Then when the sun again returns to the middle, autumn takes the place of summer. It has a medium amount of cold and heat, dryness and moisture, and holds a place midway between summer and winter, combining the dryness of summer with the cold of winter. For it is cold and dry, and increases the black bile. This season, again, is equinoctial, both day and night consisting of twelve hours, and it lasts from September 25th till December 25th.

And when the rising of the sun sinks to its smallest and lowest point, i.e. the south, winter is reached, with its cold and moisture. It occupies a place midway between autumn and spring, combining the cold of autumn and the moisture of spring. In it falls the shortest day, which has only nine hours, and the longest night, which has fifteen: and it lasts from December 25th till March 21st. For the Creator made this wise provision that we should not pass from the extreme of cold, or heat, or dryness, or moisture, to the opposite extreme, and thus incur grievous maladies. For reason itself teaches us the danger of sudden changes.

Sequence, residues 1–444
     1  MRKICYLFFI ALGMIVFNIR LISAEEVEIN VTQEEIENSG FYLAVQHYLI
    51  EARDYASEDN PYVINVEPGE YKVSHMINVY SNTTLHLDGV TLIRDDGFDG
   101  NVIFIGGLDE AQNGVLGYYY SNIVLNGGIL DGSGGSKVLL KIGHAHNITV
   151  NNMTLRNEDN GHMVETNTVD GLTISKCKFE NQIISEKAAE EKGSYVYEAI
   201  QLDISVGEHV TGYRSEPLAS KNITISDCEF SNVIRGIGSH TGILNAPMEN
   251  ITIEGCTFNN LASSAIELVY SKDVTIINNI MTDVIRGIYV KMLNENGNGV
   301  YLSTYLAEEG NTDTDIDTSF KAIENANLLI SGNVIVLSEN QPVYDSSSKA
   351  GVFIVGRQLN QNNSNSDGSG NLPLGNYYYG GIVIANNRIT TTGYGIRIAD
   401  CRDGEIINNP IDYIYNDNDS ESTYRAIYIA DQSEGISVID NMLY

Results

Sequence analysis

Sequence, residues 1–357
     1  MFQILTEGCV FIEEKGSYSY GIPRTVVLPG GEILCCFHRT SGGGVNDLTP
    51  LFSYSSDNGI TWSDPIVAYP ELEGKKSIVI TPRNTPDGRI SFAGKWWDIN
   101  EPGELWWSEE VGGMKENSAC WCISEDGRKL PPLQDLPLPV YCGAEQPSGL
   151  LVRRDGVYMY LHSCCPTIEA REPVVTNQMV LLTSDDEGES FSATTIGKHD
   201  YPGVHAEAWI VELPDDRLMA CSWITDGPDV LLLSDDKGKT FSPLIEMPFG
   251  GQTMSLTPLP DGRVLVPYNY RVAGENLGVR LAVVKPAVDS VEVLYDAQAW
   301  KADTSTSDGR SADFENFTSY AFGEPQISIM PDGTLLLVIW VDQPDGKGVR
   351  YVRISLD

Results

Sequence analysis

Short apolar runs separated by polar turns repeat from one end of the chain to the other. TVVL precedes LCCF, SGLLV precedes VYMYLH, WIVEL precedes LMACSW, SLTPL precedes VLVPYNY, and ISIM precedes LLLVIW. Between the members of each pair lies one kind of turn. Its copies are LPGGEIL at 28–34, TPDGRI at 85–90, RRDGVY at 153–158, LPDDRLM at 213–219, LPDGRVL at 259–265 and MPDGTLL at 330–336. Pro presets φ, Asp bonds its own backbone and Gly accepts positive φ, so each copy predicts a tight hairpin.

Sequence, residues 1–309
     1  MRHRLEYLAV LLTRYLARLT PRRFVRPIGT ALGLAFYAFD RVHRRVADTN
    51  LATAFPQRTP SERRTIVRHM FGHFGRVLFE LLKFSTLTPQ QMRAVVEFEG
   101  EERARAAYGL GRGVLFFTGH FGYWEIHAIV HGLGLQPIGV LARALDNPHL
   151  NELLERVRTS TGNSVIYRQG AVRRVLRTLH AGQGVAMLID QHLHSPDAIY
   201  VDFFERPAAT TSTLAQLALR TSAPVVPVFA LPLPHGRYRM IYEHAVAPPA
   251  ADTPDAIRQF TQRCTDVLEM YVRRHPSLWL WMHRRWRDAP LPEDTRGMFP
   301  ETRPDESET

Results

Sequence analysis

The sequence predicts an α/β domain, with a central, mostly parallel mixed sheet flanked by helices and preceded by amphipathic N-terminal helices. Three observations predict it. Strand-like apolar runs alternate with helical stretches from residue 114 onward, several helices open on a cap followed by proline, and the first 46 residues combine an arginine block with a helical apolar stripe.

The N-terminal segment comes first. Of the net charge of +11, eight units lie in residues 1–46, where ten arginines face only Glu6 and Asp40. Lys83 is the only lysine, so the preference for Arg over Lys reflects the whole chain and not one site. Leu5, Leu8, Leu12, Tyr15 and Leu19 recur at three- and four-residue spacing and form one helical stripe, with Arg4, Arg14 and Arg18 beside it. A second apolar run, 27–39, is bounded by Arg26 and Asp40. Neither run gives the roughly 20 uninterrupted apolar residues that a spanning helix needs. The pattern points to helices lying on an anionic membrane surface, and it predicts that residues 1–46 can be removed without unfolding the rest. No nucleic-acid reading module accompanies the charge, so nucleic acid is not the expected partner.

Fasting during the various seasons, such as we do during Ember Days, helps bring the humors into balance. The Golden Legend, written by Blessed Jacopo de Voragine (A.D. 1230-1298), Archbishop of Genoa, gives the following as one of eight reasons for our Ember Day fasts:

The fifth reason, as saint John Damascenus: in March and in printemps the blood groweth and augmenteth, and in summer coler, in September melancholy, and in winter phlegm. Then we fast in March for to attemper and depress the blood of concupiscence disordinate, for sanguine of his nature is full of fleshly concupiscence. In summer we fast because that coler should be lessened and refrained, of which cometh wrath. And then is he full naturally of ire. In harvest we fast for to refrain melancholy. The melancholious man naturally is cold, covetous and heavy. In winter we fast for to daunt and to make feeble the phlegm of lightness and forgetting, for such is he that is phlegmatic.